The Dell XPS x8900-2506BLK is a reasonably priced, well-designed gaming rig with impressive overall performance. It boasts a relatively small and sleek design and delivers good 1080p gaming and superb overall multitasking without breaking the bank.
- Reasonably price
- Sleek, compact case
- Solid overall performance
- Good number of open bays for upgrades
- Lacks a solid-state drive
- Has only a single GPU
The Dell XPS x8900-2506BLK is a midrange desktop PC that strikes the sweet spot between power, features and price. Personally, I have never liked the term prosumer, but this system practically screams it. Positioned between Dell’s Inspiron line of value desktops and the more expensive Alienware gaming rigs, the XPS X8900 is designed to appeal to digital content creators, enthusiast-level gamers, and power users.
It is well equipped to play games at 1080p resolution, thanks to a dedicated Nvidia GeForce GTX 745 graphics card, Intel Core i7 processor and 16GB system memory–all of which represents the good value and power it offers.
Design and Features
The Dell XPS x8900 is set in a compact case that measures 16.01 by 7.30 by 17.49 inches (HWD), which is surprisingly short and slim considering the immense power packed inside. It weighs in at 30.42 pounds, which is quite heavy, but is quite acceptable for a desktop, as you shouldn’t be moving it quite often.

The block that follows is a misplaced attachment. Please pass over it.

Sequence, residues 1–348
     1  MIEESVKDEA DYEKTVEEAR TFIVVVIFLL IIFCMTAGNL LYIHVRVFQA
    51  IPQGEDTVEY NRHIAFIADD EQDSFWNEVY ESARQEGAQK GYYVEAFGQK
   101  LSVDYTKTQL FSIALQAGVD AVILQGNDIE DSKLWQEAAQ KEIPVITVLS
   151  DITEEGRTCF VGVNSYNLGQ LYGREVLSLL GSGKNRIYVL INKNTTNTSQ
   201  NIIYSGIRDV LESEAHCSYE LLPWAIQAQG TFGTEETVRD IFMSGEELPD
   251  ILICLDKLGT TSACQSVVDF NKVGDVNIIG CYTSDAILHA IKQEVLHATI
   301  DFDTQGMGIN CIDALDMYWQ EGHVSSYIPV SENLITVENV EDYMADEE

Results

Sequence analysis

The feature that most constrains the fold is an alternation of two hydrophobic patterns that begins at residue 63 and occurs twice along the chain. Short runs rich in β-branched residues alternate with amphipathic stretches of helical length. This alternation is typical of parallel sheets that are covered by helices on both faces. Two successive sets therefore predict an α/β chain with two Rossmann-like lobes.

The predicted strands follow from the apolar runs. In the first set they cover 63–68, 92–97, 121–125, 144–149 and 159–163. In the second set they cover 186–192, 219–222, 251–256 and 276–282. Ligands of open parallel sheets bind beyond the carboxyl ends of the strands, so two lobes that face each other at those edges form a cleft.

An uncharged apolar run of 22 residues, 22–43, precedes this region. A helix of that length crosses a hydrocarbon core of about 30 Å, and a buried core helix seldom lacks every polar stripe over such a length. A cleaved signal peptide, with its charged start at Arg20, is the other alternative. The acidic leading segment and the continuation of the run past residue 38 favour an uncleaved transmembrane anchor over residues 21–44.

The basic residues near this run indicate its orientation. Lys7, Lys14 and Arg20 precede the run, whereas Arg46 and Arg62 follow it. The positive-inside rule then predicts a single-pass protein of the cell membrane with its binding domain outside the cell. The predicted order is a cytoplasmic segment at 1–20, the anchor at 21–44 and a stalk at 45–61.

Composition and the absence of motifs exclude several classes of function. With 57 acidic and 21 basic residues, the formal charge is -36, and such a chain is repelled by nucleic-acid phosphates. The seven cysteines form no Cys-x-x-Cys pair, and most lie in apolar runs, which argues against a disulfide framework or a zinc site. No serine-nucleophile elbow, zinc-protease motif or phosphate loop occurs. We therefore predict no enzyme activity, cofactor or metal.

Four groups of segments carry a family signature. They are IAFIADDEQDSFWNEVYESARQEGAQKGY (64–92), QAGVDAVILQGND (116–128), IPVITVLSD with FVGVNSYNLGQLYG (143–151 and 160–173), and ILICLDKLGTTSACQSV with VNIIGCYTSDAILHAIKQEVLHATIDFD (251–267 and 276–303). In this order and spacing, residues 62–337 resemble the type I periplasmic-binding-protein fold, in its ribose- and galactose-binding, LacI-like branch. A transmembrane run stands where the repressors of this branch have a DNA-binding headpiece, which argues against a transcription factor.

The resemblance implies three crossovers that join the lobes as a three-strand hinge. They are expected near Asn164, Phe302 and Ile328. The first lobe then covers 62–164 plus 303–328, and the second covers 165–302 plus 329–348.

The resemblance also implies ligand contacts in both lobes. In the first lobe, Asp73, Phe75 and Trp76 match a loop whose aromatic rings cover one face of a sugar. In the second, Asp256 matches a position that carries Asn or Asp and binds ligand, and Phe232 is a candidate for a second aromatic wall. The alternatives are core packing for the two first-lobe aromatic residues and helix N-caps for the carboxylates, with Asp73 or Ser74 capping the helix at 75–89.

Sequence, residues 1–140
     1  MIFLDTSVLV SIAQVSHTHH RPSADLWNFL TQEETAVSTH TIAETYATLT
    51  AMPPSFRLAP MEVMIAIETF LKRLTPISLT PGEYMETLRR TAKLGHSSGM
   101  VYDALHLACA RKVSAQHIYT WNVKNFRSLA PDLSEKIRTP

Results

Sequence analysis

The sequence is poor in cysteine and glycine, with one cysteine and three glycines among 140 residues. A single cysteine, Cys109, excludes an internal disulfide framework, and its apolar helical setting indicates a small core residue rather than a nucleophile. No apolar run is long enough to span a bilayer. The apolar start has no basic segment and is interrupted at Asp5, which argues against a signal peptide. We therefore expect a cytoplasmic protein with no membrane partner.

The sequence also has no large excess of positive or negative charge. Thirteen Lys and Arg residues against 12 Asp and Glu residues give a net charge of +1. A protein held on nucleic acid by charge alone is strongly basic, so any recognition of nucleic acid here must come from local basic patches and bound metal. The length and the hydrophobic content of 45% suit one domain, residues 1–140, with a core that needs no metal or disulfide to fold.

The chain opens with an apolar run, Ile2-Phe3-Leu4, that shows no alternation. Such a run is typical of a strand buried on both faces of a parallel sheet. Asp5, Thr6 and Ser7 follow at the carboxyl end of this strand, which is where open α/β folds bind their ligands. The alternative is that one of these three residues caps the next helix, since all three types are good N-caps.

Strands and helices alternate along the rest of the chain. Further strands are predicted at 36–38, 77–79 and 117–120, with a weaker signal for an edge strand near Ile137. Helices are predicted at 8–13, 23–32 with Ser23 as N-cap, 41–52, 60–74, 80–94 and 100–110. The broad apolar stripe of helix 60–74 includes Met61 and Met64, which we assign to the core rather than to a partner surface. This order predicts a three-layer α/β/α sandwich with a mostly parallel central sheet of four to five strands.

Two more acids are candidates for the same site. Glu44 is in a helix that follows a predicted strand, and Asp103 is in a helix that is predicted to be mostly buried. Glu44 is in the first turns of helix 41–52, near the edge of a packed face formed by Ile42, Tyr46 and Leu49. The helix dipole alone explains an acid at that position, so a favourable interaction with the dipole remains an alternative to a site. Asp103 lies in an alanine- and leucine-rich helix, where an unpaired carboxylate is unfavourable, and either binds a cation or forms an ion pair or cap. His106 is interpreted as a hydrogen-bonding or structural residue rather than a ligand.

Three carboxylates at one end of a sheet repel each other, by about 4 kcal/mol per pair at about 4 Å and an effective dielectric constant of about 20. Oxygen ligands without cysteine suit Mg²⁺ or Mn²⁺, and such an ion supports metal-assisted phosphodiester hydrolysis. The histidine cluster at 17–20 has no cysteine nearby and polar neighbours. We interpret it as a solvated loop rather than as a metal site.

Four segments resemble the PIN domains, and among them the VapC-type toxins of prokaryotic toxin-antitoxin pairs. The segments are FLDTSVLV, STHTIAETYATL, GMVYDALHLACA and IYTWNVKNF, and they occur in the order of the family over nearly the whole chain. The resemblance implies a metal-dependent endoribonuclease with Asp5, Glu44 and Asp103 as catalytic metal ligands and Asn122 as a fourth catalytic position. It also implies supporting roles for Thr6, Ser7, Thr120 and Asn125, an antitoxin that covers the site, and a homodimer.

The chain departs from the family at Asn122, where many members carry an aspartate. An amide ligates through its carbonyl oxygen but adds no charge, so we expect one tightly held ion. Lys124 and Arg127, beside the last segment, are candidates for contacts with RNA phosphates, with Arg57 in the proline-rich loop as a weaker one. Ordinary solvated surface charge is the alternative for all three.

Looking at it from the outside you’ll notice that it bears a rectangular shape, safe for its angled front panel at the top that add some little style. The front is made of glossy-black plastic with a silver trim, while the sides are made of black aluminum, but the top edges are black plastic. On each side, you have vents, as well as on the bottom of the front panel.
Put side-by-side with similarly powerful systems, it stands out as being relatively small, which is a plus if you’re looking for a space saving setup. Even with the small design, its port selection is excellent. A recess on the top of the system holds two USB 2.0 ports, a microphone jack, and a headset jack. The front panel features two USB 3.0 ports, as well as a card reader. A DVD-RW drive is hidden behind a cover to keep the front panel uniform, only popping open when you hit the button. This is quite good for aesthetics.
On the rear, there’s a plethora of ports, including four USB 3.0 ports, two USB 2.0 ports, audio lines, an Ethernet port, an HDMI port, and a DisplayPort. (Including the four on the GPU, that’s five total DisplayPorts.) There’s an open PCIe x16 slot that you can use for an additional graphics card, but note that the system only comes with a 460-watt power supply unit (PSU), so you’ll have to stay within that power limitation.
It’s still possible to throw-in a second budget graphics card to facilitate multiple-monito support, though an additional GTX 975 Card is out of the question. Additionally, there is some real estate for two more 2.5-inch drives and an optical drive, as well an open memory slot for a maximum of 32GB.